Scanned image of the page. Keyboard directions: use + to zoom in, - to zoom out, arrow keys to pan inside the viewer.

Page Options


Something wrong?

Something wrong with this page? Report problem.

Rights / Permissions

The University of Michigan Library provides access to these materials for educational and research purposes. These materials may be under copyright. If you decide to use any of these materials, you are responsible for making your own legal assessment and securing any necessary permission. If you have questions about the collection, please contact the Bentley Historical Library at bentley.ref@umich.edu

June 13, 2013 - Image 50

Resource type:
The Detroit Jewish News, 2013-06-13

Disclaimer: Computer generated plain text may have errors. Read more about this.

arts & entertainment

The Intergalactic Nemesis

Ann Arbor Summer Festival hosts theatrical experience
that mashes up sci-fi radio drama with comic books.

Suzanne Chessler
I Contributing Writer

her assistant tracking down a story that
leads them to the mountains of Eastern
Europe. They're talking to the reporter's
atching segments of The
source when the source is assassinated.
Intergalactic Nemesis is like
"A mysterious stranger grabs the assas-
looking at a giant-size comic
sin and yells at the two to run for their
book page by page while hearing the
lives because they've stumbled on the
dialogue spoken by actors and being
story of the century"
immersed in sound effects enhanced by
The idea for Intergalactic Nemesis
keyboard accompaniment.
came out of a theater project planned by
Jason Neulander — producer, director
Salvage Vanguard Theater, an Austin-
and writer — thinks of these shows as
based company started by Neulander.
indulging his inner 12-year-old.
Launched as a radio play,
Anyone with an inner
the production was invited
12-year-old — or anyone
to a large theater, but it was
just curious about live-action
decided that the venue was too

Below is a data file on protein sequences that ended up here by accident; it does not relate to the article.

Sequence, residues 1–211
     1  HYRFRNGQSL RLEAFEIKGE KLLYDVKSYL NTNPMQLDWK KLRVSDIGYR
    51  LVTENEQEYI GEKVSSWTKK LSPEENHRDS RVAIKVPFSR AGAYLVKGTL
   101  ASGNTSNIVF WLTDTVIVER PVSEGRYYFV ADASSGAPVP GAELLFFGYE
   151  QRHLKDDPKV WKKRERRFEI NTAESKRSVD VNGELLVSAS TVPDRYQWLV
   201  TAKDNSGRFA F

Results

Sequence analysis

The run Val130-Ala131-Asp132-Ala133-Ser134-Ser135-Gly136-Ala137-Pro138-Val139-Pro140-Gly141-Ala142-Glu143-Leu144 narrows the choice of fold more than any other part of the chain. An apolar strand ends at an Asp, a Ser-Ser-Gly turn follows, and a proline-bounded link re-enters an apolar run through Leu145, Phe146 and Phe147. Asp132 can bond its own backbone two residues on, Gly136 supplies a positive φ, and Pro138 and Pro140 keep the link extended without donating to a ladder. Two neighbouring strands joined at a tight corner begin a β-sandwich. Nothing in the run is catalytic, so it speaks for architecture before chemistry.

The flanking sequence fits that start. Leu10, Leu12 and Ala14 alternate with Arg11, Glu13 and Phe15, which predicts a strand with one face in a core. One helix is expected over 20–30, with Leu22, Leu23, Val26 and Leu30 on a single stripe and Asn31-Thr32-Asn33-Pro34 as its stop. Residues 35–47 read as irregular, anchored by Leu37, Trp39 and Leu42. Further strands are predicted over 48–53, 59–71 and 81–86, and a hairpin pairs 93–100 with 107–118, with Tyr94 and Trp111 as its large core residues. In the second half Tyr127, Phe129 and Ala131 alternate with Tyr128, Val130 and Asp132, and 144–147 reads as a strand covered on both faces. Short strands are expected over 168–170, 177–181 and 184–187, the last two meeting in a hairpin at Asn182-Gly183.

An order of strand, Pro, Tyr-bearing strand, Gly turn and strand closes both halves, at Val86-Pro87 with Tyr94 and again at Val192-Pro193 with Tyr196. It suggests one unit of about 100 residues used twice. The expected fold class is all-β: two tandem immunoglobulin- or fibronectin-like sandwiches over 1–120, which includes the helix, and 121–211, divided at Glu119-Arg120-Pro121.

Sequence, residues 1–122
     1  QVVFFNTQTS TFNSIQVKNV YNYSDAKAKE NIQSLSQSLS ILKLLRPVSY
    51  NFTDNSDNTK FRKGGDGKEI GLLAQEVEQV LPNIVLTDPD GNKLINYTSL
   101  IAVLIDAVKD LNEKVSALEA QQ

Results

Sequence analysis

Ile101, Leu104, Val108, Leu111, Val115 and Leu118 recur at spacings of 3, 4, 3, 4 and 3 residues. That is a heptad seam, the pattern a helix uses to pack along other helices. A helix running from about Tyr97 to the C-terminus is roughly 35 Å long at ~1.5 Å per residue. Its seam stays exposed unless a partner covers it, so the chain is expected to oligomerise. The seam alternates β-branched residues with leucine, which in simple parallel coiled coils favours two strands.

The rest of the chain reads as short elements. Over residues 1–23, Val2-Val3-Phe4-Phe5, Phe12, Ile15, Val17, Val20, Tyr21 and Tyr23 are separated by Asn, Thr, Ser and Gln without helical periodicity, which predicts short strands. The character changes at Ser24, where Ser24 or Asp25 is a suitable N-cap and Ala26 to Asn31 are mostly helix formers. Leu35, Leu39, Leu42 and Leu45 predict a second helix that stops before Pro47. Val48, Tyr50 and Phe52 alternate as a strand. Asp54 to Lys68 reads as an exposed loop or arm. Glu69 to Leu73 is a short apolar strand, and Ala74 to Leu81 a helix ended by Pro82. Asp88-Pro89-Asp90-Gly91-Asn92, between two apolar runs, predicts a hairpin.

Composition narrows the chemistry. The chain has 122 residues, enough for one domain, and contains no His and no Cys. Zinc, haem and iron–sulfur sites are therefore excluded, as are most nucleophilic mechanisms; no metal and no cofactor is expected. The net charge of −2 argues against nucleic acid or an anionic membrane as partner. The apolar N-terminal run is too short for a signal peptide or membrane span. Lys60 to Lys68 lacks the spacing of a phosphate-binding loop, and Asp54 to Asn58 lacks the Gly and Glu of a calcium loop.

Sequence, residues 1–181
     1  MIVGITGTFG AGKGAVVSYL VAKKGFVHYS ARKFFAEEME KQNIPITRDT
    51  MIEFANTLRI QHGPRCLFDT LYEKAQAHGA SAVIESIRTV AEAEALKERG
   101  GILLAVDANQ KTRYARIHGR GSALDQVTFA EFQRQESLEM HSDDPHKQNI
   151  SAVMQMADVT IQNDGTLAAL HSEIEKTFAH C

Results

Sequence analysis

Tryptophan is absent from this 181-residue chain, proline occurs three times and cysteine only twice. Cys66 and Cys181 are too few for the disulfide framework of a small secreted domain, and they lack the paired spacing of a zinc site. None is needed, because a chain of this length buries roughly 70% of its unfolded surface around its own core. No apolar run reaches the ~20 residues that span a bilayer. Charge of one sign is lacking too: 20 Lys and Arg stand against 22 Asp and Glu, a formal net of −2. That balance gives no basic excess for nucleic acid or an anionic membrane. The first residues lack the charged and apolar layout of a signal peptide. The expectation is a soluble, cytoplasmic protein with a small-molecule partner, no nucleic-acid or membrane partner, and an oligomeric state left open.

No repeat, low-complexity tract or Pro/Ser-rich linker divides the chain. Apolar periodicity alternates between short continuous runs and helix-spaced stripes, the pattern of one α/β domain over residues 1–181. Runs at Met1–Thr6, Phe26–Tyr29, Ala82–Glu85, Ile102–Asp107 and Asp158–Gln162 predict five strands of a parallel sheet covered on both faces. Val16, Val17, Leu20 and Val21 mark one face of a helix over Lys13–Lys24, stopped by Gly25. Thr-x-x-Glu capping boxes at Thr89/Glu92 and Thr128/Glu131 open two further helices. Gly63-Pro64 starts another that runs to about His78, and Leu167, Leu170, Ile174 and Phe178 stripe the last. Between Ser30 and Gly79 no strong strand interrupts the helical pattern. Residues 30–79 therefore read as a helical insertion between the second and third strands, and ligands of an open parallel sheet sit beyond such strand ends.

graphic novels — can see the
big for the format. Neulander,
troupe's Michigan debut when
to accommodate the space,
The Intergalactic Nemesis Book
came up with the idea of pro-
One: Target Earth is performed
jecting comic-book artwork.
as part of the Ann Arbor
"I think that any theater
N eulander
Summer Festival starting at 5
production is best when the
p.m. Sunday, June 30, at the
whole is greater than the sum
Power Center in Ann Arbor.
of its parts" says Neulander, a graduate of
It will be among the Mainstage events
Brown University in Rhode Island.
at the festival, in its 30th year and run-
"What's cool about this show is that
ning June 14-July 7. New and returning
each of the parts is quite simple, but
acts have been scheduled for the Top of
when they're put together, they become
the Park entertainment (see sidebar).
an experience that transcends any of the
"This is an adventure story set in the
elements, whether images, voices, sound
1930s and inspired by Raiders of the
effects or piano"
Lost Ark and Star Wars as well as what
Neulander, who grew up in New Jersey
inspired them" says Neulander, 43, in
with parents working from home as they
a phone conversation from his Austin,
developed houses, has built a private life
Texas, home.
also working from his residence. He and
"We project the artwork from the
his wife, an apartment consultant, are
graphic novel version of the story that I
available for their two daughters.
wrote, panel by panel, without word bal-
"I got cast in a school play when I was
loons so there are 1,250 individual, full-
in second grade, and that kicked off my
color, high-resolution images projected
excitement about theater" Neulander
on a movie screen.
says. "When I was a kid, I thought I
"The plot setup has to do with a
would be an actor. I got the inclination
Pulitzer Prize-winning reporter and
to start directing when I was a senior in


"After graduation, I came up
with the idea of starting a the-
ater company that would be by,
for and about my peers at the
time. That would be educated
people in their 20s.
At Salvage Vanguard
Actors tell the story accompanied by sound effects and
Theater, which is a nonprofit